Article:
The ‘Instagram Act’ And The Importance Of Watermarking Your Images

The UK Government’s Enterprise and Regulatory Reform Act became law at the end of April 2013. It has come under attack over its treatment of so-called "orphan works". Those are works where no original creator can be traced. It allows anyone to use any image where a ‘diligent search’ doesn’t turn up the owner of that image. The EU are considering bring in a similar law.

Now you may think this doesn’t apply to your images because your images are on your web site or facebook page etc, so your ownership of them is obvious. Or because you are not in the UK.

But you need to think again!
Your images could be out there as orphan images thanks to the internet and the growth of mobile phones and tablets. It’s now very easy to share photos you find online. In fact on a mobile phone with certain apps, its so easy you can do it without realizing it.

An Example

Let’s say you have a photo of one of your paintings on your web site. Somebody admires it and posts it to their social network on facebook, then somebody else shares it with their friends on facebook, from there somebody tweets it on twitter and somebody else takes it from twitter and puts it up on their blog in a post about wonderful cat paintings!

Now, none of these people are being malicious, they just want to share something they admire. The first person who posted your image to facebook may well have credited you by adding a link to your web site when they posted the photo, but that seldom happens further down the chain. As people take it and pass it on all evidence of where it came from is lost. So it can be impossible to follow that trail in reverse to find the owner of the photo.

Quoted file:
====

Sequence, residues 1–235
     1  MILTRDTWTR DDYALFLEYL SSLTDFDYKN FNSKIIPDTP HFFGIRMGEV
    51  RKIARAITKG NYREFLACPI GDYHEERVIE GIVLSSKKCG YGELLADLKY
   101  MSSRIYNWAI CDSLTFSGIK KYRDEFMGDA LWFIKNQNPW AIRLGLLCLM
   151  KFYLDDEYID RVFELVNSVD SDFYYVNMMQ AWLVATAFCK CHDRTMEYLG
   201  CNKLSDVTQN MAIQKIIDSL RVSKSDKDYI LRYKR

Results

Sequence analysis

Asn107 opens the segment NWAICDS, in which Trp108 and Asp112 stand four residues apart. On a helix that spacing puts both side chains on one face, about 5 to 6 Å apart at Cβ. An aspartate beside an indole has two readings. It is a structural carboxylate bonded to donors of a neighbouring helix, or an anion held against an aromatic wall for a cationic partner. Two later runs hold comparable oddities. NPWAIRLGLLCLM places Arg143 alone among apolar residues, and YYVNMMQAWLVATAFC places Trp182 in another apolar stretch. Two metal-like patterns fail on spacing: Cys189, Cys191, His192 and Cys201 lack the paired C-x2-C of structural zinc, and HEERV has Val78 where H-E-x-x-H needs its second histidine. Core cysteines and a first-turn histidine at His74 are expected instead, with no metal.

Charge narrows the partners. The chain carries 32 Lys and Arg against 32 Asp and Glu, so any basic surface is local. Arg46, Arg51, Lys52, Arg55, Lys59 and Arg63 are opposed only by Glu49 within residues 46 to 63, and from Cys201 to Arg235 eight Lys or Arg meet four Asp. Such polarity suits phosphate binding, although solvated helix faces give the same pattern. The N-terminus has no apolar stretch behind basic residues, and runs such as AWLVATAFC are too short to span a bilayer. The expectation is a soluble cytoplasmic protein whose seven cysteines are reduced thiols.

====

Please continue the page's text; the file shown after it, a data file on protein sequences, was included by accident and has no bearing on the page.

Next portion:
Then a company sees your photo on that final web site and wants to use it in their advertising campaign, they contact the owner of the site who has no idea where the photo came from, it was just something they found on twitter. Tracing it back further than that could well be impossible, with the sheer level of data on sites like twitter and facebook. So now they can simply help themselves to your image and use it in their campaign without your permission and without any payment to you!

If you want to see an example of how a family photo went from facebook to a large add in a shop window without their knowledge, look at this article on skinny artist.

How To Embrace Sharing

Flirting With danger - Tamsin Lord

This kind of sharing can in fact be a great tool for artists. Really! Seriously folks, before the days of the internet you had to get a gallery to represent you. Now you can get your work seen by people all over the world because of the internet. This new fashion for sharing photos is an extension of that and will expose your work to so many more people. But it’s only useful if people know YOU are the artist, and where to FIND YOU.

So what can you do?

Watermark Your Images!